Howard County has opened Howard House, the new 16-bed treatment facility for substance use disorders, including opioid addiction. The mission is to provide a natural, safe, and supportive setting for beginning a structured progression toward a sober lifestyle.

“Since 2016, over 130 people have died in Howard County from the totally preventable cause of opioid overdose. This fact is tragic, it is painful, and it is unacceptable,” said Howard County Executive Ball. “That is why we are treating this problem like the public health crisis that it is … we open Howard House to provide a safe and healing place right here in Howard County.”

The Howard County Government funded the remodeled new Howard House on Route 108, a location that is owned by the Department of Recreation & Parks. At Howard House, clients will receive step-down care, including peer support, case management services, therapeutic behavioral health sessions, skill building and other outpatient treatment and supportive care.

With the goal of proving the full continuum of care to those in need, Ball also announced a comprehensive vision for fighting the opioid epidemic in Howard County, including:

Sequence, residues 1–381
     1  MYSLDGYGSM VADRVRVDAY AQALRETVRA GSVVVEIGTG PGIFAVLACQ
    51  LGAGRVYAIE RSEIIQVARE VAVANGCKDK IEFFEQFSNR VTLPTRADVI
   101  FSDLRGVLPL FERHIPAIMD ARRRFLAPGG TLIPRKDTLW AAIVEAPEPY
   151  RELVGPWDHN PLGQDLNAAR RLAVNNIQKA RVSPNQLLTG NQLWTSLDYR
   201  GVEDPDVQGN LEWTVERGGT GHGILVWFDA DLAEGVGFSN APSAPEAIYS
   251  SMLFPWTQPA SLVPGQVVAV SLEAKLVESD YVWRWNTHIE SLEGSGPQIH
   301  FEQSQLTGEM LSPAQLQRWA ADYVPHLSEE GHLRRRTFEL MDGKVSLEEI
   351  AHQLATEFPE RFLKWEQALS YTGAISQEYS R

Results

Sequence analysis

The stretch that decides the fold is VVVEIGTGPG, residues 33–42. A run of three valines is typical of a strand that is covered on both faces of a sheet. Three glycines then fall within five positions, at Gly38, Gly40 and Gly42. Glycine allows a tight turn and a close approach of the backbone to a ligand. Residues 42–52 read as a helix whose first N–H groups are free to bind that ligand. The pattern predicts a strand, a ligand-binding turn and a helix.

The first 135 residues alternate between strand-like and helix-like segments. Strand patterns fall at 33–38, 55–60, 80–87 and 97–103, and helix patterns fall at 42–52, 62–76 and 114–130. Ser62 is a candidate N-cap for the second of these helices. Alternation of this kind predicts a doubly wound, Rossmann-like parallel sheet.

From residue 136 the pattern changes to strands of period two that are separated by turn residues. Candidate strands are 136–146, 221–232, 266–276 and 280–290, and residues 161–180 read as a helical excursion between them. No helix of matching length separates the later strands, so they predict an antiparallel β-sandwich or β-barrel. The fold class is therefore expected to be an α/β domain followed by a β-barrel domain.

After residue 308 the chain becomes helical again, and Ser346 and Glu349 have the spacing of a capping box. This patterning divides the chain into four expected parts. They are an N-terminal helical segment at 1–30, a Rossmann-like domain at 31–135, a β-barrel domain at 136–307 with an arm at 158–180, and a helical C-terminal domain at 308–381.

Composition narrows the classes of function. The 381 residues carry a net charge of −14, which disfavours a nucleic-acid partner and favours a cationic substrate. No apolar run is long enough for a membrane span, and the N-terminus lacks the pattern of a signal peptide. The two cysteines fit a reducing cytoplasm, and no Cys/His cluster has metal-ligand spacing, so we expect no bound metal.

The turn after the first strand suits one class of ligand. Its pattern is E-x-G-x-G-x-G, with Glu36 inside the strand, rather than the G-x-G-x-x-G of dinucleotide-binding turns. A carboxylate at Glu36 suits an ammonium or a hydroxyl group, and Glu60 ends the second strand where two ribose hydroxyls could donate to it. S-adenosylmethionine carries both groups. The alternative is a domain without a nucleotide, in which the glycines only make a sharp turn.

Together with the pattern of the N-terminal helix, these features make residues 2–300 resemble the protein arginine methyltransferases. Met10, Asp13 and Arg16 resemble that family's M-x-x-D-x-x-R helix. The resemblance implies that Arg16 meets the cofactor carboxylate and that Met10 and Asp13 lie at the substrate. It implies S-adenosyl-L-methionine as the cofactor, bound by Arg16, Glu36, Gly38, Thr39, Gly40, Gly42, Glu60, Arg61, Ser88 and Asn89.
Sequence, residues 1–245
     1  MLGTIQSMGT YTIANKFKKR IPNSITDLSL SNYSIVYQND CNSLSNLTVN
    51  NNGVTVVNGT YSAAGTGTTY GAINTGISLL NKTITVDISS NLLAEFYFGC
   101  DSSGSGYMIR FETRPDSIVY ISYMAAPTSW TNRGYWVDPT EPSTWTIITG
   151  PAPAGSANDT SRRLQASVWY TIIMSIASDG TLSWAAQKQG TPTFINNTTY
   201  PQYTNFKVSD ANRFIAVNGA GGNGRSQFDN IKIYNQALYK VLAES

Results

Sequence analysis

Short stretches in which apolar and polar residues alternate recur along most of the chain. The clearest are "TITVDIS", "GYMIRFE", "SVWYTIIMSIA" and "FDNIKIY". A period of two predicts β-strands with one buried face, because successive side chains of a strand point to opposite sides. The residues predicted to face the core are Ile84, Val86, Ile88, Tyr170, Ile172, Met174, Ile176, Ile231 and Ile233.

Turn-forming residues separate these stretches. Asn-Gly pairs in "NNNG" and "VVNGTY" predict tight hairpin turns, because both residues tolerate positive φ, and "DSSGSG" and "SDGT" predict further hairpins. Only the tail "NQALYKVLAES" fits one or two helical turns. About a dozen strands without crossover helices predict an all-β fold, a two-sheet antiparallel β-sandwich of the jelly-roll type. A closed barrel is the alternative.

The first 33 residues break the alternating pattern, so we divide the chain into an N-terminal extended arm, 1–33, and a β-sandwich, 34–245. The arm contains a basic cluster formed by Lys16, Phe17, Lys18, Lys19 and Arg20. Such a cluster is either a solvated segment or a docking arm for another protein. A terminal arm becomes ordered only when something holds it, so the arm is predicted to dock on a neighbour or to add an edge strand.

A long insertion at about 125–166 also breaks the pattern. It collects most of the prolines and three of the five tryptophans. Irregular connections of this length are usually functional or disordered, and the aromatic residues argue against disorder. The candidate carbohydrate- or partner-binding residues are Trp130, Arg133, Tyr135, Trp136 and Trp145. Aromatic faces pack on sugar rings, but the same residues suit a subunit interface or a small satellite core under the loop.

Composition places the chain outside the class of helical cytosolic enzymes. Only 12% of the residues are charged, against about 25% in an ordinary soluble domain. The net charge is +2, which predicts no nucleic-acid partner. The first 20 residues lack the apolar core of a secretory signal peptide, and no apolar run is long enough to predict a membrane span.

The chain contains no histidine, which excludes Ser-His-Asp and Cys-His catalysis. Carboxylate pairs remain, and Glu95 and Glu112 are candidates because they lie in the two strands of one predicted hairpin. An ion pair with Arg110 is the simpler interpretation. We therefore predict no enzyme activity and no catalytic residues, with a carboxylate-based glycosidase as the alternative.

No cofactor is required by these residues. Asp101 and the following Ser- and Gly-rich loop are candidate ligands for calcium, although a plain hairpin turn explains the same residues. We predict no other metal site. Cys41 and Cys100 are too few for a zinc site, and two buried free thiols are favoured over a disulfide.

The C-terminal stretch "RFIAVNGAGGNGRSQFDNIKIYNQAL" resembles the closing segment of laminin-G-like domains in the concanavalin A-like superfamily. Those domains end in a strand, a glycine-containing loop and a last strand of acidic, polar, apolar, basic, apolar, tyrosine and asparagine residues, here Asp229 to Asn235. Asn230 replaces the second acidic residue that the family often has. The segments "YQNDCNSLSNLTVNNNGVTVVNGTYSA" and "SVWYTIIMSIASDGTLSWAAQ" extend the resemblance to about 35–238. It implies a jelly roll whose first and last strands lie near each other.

● Establishing a 24/7 crisis support hotline at Grassroots

● Building a new, residential treatment center through a partnership with Delphi Behavioral Health Group. The center will serve women and men of all income levels to help them move toward full recovery. Ball has committed $3 million over four years to form this first-of-its-kind partnership in the state between a local jurisdiction and a private treatment provider

● Continuing proper emergency room referrals to peer recovery specialists

● Funding for behavioral health navigators at both the hospital and Health Department

● Continuing to support naloxone training and distribution across the county. In addition, all fire stations are now available for safe prescription drug disposal

● Strengthening community partnerships with the Opioid Crisis Community Council, the Opioid Intervention Team, emergency responders, providers and most importantly friends and family